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Recently I had a discussion with a friend about the "solidity" of the English language in respect to Chinese. (By "solidity" we meant the reduced possibility for interpretation errors and misunderstanding - for which the Chinese language is nutritious and can actually be considered one vast homonym.)

This conversation triggered a question in my mind about homonyms, and when I wanted to search examples for myself, I could only find one or two.

By homonym for this question I mean nouns which have the same pronunciation, exact same spelling, but totally different meanings, e.g.:


Flour - Flower

(different spelling, same pronunciation)

Desert - Dessert

(similar/different spelling, different pronunciation but accent dependent)

Wind (air movement, noun) - Wind (to coil, verb)

(same spelling, different pronunciation but one is a verb)

but more like:

BOW (weapon) - BOW (ribbon)

(I intentional exclude the verbs for the purpose of this question because they are influenced by the time tense, and it is easy for something to occur like "DOVE" (the bird) and "DOVE" (past of dive).)

So my questions are:

  1. How many of these exist?

  2. Please give me more examples (or point me to a comprehensive list if it exists - I could not find one for some reason).

  3. What is the REASON for the existence of those homonyms, except the obvious reasons of foreign-language-imports and historical similarity in use ? (I know it is a difficult question, but still - I try :-) - feel free to ignore that part.)

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closed as not constructive by waiwai933 Jun 15 '12 at 5:38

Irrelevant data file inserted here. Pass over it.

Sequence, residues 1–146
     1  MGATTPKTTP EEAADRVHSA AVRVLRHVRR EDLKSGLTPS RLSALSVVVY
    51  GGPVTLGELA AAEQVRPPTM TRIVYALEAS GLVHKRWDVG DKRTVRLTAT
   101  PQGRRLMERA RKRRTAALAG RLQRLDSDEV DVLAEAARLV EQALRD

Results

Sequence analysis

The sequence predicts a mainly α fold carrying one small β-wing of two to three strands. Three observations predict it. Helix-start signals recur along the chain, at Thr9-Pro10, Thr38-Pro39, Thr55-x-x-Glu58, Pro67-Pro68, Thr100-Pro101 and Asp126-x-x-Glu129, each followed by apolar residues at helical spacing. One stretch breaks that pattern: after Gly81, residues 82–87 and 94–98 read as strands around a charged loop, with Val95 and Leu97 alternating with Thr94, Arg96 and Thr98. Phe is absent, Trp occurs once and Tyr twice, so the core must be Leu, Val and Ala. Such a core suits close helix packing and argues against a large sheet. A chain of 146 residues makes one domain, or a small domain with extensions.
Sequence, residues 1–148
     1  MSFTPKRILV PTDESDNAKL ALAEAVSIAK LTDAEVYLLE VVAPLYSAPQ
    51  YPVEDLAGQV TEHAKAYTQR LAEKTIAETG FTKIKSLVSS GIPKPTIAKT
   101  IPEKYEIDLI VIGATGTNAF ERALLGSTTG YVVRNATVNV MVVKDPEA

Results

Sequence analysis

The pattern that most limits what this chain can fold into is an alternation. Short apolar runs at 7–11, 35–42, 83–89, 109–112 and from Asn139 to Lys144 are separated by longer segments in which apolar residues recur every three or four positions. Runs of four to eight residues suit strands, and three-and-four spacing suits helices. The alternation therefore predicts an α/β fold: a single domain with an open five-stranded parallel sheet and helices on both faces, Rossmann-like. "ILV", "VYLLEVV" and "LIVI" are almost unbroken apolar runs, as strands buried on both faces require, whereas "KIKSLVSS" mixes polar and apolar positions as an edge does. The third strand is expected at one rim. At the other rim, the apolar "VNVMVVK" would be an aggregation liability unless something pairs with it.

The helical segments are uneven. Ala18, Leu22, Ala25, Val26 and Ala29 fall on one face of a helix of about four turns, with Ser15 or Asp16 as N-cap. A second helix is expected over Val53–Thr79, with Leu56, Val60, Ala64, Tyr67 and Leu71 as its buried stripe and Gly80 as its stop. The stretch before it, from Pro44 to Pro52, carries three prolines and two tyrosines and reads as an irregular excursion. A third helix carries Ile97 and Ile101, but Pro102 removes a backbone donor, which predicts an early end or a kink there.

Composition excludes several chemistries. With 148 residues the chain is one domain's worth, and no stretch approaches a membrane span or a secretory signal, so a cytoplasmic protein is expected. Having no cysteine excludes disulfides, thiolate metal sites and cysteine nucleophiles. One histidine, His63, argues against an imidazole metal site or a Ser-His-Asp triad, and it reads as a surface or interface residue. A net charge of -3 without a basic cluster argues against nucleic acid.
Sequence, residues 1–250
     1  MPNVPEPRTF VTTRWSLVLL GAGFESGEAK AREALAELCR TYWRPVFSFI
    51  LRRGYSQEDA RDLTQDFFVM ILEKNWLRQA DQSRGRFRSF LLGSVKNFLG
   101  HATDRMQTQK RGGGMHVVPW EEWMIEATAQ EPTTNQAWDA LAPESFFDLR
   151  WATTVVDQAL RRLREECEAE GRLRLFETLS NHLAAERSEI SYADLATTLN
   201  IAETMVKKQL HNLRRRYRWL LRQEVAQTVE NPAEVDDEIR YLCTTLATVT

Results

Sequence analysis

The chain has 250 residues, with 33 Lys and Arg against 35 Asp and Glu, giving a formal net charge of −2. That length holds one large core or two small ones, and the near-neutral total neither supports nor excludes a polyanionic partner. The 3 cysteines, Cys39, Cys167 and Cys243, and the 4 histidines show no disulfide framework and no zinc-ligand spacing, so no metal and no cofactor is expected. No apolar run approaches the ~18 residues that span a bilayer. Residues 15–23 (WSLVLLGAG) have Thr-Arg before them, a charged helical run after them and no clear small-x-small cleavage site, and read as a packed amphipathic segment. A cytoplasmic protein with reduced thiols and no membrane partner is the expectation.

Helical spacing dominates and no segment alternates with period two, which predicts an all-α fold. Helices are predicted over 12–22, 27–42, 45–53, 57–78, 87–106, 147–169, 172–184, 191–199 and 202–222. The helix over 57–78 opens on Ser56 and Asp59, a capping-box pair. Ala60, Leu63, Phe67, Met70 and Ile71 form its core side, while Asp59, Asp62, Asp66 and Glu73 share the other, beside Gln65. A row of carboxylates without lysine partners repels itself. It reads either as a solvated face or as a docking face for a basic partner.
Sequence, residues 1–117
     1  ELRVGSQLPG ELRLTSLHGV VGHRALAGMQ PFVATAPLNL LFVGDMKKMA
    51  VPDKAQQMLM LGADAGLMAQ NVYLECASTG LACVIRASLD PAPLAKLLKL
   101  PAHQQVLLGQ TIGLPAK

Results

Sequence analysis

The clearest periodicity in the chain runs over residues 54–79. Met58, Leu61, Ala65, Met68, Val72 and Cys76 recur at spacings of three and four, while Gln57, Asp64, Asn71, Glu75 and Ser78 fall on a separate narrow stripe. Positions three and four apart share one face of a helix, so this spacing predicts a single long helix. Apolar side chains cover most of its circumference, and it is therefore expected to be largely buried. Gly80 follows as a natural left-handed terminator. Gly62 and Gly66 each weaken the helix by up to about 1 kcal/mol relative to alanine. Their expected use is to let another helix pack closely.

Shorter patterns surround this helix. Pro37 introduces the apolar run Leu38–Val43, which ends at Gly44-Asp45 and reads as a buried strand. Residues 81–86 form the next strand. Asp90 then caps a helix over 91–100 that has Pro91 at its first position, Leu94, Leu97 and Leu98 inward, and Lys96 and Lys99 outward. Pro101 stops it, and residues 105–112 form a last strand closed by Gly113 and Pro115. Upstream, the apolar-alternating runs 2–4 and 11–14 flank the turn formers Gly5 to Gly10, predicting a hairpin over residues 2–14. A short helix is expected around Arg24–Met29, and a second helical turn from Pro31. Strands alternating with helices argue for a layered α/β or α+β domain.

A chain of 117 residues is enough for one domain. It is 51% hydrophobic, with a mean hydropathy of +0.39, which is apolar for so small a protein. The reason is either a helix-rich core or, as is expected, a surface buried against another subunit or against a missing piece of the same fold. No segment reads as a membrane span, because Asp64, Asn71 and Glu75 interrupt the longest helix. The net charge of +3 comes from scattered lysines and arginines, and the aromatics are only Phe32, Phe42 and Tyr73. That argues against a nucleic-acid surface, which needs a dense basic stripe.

As it currently stands, this question is not a good fit for our Q&A format. We expect answers to be supported by facts, references, or expertise, but this question will likely solicit debate, arguments, polling, or extended discussion. If you feel that this question can be improved and possibly reopened, visit the help center for guidance.If this question can be reworded to fit the rules in the help center, please edit the question.

Your question has been closed because it is asking for a list (or a pointer to a list). This type of question is not a good fit because there is no definitive or right answer; instead, there are very possibly a great many answers, which does not work well with a Q/A platform, which is what English Language and Usage is. –  waiwai933 Jun 15 '12 at 5:40
Re lists, use search string homonyms list in google; first three hits are: Alan Cooper's homonyms, List of 100 Homonyms by Grace Fleming, and 200 Homonyms ... by Richard Nordquist. –  jwpat7 Jun 15 '12 at 5:43
@waiwai933: however, question 2 may be of interest. –  nico Jun 15 '12 at 6:04
@waiwai933 - I understand - but if you will read more carefully - I was asking for the NUMBER of how many exist (which may well be that no one here will know - but it is quite a definite question with a potentially definite answer ) or examples. (the list request was in parenthesis for a reason) –  Obmerk Kronen Jun 15 '12 at 6:37
@jwpat7: Interesting lists, but they are homophones instead of homonyms. (OK, Google cannot know that, it just reads the titles, and if those is wrong, Google falls for them.) –  Stephen Jun 15 '12 at 7:04

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